Who is St. Patrick?

On March 17, the color green lines the streets during local parades as St Patrick’s Day festivities celebrate the patron saint of Ireland. With lots of stories surrounding the mysterious existence of St. Patrick, this article offers a bit of background information on one of the most widely known figures in Christianity.

St. Patrick has a great deal of stories attached to his legend. He’s been given the credit for banishing all the snakes from Ireland , an act that he did not accomplish. Hundred of years of storytelling have placed good ol’ St Patrick in the center of plenty stretched and exaggerated truths.

Born Britain to well-to-do parents, St. Patrick came into this world close to the end of the 4th century. While his father was a Christian deacon, some historians believe that Patrick found his religious calling because of the tax incentives, instead of following in the footsteps of a religious father. When Patrick was 16 years old, he was taken prisoner by Irish raiders who attacked the family estate. For six years, he lived in Ireland, where he was brought to as a captive.

While living in Ireland, he spent his time as a shepherd , living in the outdoors and keeping to himself. He was scared and lonely during his captivity and found comfort by turning to his religion. This led Patrick to develop a deep faith in Christianity. The story also goes that Patrick first had dreams of converting Irish people to Christianity while he was held in Ireland as a captive.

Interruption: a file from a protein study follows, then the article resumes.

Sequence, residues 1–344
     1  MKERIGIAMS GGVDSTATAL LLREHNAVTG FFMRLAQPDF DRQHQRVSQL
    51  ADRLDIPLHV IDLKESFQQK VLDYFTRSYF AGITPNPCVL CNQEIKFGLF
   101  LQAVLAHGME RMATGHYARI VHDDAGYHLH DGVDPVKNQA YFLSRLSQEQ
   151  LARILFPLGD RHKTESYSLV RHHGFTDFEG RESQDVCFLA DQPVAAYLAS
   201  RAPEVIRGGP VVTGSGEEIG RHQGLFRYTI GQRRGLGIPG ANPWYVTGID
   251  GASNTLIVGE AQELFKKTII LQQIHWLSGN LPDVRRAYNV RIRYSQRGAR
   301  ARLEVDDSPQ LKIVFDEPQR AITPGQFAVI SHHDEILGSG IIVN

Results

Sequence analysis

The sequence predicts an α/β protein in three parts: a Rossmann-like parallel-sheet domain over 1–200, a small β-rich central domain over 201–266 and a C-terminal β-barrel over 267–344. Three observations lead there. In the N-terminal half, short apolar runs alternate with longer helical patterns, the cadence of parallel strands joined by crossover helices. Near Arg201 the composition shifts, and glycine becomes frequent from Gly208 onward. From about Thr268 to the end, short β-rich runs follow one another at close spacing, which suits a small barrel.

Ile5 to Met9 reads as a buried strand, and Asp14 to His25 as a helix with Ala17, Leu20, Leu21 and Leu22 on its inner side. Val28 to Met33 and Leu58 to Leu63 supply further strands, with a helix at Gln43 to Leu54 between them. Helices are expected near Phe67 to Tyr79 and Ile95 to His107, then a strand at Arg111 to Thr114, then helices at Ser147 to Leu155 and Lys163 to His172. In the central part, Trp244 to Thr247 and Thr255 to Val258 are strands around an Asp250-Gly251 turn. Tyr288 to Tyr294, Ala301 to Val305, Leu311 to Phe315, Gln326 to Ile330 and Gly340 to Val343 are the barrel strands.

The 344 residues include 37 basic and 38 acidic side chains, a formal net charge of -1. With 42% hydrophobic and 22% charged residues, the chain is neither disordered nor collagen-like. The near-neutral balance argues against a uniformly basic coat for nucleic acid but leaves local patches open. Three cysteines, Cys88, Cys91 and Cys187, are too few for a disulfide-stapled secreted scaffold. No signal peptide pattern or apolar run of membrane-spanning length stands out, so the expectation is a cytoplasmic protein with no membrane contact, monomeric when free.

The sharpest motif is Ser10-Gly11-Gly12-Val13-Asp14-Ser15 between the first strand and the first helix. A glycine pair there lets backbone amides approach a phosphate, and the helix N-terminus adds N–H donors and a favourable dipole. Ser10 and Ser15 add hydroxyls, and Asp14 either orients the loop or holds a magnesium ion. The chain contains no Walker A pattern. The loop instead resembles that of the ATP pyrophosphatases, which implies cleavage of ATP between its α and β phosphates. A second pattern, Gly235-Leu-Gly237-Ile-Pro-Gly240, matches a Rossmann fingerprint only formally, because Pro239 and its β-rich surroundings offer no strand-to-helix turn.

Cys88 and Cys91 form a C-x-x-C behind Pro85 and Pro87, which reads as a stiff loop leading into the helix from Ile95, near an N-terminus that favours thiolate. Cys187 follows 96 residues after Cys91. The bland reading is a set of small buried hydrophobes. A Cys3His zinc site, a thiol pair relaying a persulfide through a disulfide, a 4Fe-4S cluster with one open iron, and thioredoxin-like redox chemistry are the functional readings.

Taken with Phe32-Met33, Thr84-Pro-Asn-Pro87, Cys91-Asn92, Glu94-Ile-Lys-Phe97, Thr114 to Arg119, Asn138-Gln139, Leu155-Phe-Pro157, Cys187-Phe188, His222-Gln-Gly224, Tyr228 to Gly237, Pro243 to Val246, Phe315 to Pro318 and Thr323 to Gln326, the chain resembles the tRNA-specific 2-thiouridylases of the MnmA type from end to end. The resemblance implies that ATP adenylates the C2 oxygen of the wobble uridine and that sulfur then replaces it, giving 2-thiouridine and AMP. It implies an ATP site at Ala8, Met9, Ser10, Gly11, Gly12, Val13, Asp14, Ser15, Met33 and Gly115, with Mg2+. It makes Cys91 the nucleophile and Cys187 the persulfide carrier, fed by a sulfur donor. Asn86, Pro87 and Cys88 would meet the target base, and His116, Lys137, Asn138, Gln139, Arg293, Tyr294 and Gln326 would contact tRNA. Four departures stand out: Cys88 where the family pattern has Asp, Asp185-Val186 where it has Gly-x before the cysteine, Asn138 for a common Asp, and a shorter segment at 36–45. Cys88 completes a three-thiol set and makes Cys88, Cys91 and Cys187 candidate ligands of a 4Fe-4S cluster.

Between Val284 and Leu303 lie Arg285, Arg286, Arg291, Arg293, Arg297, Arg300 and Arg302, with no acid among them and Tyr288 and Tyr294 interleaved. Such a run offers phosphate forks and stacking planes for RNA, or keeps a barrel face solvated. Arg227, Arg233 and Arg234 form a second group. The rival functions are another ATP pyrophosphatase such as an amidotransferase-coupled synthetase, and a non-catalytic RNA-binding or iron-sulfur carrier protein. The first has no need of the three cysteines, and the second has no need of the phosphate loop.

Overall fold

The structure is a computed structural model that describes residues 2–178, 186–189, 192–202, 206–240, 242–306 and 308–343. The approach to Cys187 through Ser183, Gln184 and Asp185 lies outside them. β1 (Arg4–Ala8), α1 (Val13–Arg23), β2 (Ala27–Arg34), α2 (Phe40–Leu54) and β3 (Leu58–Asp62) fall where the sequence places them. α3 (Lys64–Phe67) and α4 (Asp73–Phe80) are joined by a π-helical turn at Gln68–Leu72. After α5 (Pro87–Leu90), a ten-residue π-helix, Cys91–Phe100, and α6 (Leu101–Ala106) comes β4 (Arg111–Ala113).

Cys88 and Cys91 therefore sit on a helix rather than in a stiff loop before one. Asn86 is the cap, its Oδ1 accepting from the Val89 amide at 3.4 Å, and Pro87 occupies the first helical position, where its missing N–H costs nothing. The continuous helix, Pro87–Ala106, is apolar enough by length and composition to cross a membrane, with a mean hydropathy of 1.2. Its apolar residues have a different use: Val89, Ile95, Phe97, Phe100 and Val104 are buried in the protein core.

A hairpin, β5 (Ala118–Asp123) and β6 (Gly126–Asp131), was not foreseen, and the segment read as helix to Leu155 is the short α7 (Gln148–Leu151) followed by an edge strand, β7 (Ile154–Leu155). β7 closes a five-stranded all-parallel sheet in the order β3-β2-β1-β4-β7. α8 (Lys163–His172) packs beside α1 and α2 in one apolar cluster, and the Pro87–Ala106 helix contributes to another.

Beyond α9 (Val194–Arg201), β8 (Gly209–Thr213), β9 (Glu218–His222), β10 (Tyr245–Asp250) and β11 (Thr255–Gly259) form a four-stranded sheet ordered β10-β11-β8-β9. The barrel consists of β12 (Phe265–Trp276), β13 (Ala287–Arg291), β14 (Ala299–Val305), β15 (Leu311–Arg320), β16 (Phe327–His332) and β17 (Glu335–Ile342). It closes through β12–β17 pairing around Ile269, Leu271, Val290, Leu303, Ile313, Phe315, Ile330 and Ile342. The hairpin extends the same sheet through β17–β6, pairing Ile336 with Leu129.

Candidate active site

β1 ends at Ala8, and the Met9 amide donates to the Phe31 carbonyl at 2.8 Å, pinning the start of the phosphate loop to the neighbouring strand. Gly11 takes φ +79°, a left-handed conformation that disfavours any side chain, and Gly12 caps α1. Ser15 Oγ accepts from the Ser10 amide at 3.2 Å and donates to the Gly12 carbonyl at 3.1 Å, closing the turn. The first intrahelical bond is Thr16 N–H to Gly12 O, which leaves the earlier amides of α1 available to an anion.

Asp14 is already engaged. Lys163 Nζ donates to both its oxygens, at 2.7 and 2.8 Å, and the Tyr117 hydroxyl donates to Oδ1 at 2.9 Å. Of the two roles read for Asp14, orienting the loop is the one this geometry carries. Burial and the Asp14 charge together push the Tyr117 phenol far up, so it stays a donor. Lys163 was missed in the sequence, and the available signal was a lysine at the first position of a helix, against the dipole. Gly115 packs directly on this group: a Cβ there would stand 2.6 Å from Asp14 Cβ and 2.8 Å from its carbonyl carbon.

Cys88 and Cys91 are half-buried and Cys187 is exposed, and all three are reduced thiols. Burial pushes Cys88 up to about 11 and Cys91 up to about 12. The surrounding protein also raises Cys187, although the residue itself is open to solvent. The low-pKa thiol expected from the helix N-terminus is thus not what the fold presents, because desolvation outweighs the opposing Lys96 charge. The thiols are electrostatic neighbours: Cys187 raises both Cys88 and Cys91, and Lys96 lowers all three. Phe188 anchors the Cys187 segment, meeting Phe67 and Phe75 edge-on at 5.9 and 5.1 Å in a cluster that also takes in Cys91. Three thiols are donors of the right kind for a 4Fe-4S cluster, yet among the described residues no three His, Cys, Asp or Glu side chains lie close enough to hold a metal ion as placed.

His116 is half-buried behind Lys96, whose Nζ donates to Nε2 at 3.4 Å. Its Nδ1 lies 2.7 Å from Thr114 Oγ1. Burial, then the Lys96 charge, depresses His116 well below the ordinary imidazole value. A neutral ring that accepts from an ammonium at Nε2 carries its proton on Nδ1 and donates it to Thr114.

It wasn’t until more than six years had passed that Patrick finally escaped. His writing reveals that he listened to a voice that he heard from within, which spoke to him in a dream. He believed that it was the voice of God and he was telling him that it was time to leave behind Ireland. It took walking about 200 miles until he reached the Irish coast, where he then escaped to Britain.

Spreading Christianity in Ireland

After his escape, he experienced another revelation. An angel visited him in his dream that instructed Patrick to return to Ireland as a missionary. For more than 15 years, he entered religious training and after his ordination as a priest, Patrick was sent to Ireland. He had two objectives to accomplish during this mission. The first was to minister the Christians already residing in Ireland and the second was to convert the remaining Irish, which actually goes against the widely believed tale that Patrick introduced Christianity to Ireland.

Since Patrick was already familiar with the Irish language and culture, he decided that blending traditional custom with his religious lessons of Christianity would be the best way to approach transition. When celebrating Easter, Patrick encouraged the Irish to use bonfires since honoring their gods with fire was a customary act in their culture. The Celtic cross was created when Patrick superimposed the powerful Irish symbol of the sun onto the Christian cross.